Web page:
On the one hand, one might think Biden is perfectly suited to guide the United States through this perilous time given his almost naïve, unshakable faith in his own country. On the other hand, that faith can also hamper efforts at a national reconstruction. Repeatedly, Biden’s reaction to violence and extremism at home has been to say, “This is not who we are.” Clearly, that is incorrect. Biden’s potential pitfall is to want to move on and not look back.
It was therefore encouraging to hear Biden’s inaugural speech in which he acknowledged a more honest representation of U.S. history and pointed out how it has been defined by the struggle between two competing stories:
We can make America, once again, the leading force for good in the world. I know speaking of unity can sound to some like a foolish fantasy. I know the forces that divide us are deep and they are real. But I also know they are not new. Our history has been a constant struggle between the American ideal that we are all created equal and the harsh, ugly reality that racism, nativism, fear, and demonization have long torn us apart. The battle is perennial. Victory is never assured. Through the Civil War, the Great Depression, World War, 9/11, through struggle, sacrifice, and setbacks, our “better angels” have always prevailed. In each of these moments, enough of us came together to carry all of us forward.
Biden’s monumental task is to work toward a consensus around the American story that includes “enough of us” — a third attempt at reconstructing the United States but its first attempt at a truly multiracial liberal democracy. That this effort succeeds is a necessity not only for domestic tranquility but also for future U.S. leadership abroad as a liberal great power. On behalf of what interests, principles, and ideas should the United States act in the world? To what ends should it marshal its military, economic, and cultural power? Only when there is broad and deep agreement upon what kind of nation the United States is supposed to be can one forge a durable foreign policy consensus.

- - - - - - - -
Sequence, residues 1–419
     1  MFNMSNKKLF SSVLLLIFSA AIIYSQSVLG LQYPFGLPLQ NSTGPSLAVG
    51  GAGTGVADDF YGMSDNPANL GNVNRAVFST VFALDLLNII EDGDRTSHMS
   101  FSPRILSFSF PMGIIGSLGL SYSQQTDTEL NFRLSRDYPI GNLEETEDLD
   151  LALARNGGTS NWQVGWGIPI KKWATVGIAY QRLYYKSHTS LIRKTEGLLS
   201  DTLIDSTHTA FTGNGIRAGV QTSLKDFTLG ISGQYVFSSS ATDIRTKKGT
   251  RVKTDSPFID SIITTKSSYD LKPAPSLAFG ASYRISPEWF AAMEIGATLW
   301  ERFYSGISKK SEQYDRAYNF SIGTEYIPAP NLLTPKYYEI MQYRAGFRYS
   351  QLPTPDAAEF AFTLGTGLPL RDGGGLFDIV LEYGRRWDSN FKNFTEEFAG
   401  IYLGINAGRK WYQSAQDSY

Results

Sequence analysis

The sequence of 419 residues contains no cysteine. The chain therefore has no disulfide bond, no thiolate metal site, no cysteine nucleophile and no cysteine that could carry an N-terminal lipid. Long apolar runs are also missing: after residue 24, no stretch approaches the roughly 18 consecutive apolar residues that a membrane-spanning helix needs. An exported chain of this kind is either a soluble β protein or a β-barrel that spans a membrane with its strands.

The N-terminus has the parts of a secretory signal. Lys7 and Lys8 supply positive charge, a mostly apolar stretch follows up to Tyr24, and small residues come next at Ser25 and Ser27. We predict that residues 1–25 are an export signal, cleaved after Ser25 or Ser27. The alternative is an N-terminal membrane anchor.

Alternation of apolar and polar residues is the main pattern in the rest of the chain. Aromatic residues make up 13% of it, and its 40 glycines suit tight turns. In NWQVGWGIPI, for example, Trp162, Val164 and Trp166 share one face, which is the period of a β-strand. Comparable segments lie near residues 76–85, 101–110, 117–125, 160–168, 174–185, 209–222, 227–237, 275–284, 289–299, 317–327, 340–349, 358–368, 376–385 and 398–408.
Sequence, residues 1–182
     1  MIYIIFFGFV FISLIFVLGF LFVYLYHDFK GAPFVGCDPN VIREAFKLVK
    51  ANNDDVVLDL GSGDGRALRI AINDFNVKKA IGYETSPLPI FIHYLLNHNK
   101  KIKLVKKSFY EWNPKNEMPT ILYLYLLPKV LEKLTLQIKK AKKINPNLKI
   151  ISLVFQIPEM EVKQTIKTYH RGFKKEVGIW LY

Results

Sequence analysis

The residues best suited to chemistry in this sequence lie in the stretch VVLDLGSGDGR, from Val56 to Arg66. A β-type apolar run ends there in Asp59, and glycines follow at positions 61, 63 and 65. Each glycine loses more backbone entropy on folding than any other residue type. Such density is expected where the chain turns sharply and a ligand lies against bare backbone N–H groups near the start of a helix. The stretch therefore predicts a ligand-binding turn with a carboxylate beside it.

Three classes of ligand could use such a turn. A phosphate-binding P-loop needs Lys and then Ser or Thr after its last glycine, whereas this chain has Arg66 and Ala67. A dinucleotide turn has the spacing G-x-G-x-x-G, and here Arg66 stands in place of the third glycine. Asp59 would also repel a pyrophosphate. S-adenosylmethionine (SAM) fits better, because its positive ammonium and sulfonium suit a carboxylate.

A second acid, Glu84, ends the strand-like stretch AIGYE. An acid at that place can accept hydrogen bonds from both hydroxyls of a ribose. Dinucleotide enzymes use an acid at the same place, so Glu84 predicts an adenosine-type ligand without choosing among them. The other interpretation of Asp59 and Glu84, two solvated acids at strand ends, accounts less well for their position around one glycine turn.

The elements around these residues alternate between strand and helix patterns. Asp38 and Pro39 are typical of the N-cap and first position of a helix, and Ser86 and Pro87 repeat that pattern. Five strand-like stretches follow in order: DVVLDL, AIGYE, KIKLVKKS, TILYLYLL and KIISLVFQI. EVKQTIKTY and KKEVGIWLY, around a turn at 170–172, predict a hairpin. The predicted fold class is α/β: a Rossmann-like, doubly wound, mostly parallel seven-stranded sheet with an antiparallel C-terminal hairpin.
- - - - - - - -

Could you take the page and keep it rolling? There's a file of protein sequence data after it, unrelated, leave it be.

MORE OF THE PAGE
The Burning City Upon a Hill
Simply rewinding the tape will not stabilize U.S. domestic politics, nor will it work for U.S. foreign policy. Liberal democratic allies of the United States that depend on the U.S. security guarantee against Russia and other actors will not soon forget the past four years, or assume overlapping interests going forward. The shadow of the Trump years will stretch long onto the future. Whereas in the post-World War II era there was little reason to expect foreign policy to vary widely based on which president was in the Oval Office, this is no longer the case. After all, the past may be prologue — there is no way of knowing who will win the next presidential election (Trump could plausibly win the 2024 election). Without a majority of Americans agreeing somewhat on America’s purpose at home and abroad, allies and adversaries expect instability and will act accordingly. This concerns more than the credibility of Biden as president — this is about the credibility of the American story.
The United States is neither John Winthrop’s “city upon a hill” nor Reagan’s “shining city.” Rather, it is a burning city on a hill. While that was always the case to some extent at home, rarely did the fire spread to U.S. foreign policy. The bipartisan foreign policy consensus that characterized much of post-World War II U.S. foreign policy lies now in ashes. While it was probably time to end this historical era of U.S. foreign policy, the question becomes: Now what? By the time the United States figures out how to build back a better foreign policy, the rest of the world may have moved on.
Hilde Eliassen Restad is an associate professor at Bjørknes College in Norway. A Fulbright alumna and graduate of the University of Virginia, she is the author of, among other works, American Exceptionalism: An Idea that Made a Nation and Remade the World and “Whither the ‘City on a Hill’? Donald Trump, America First, and American Exceptionalism” in the Texas National Security Review. She is frequently used by Norwegian media to analyze American politics and U.S. foreign policy and is currently writing a book in Norwegian on the American political system. Follow her on Twitter: @hilderestad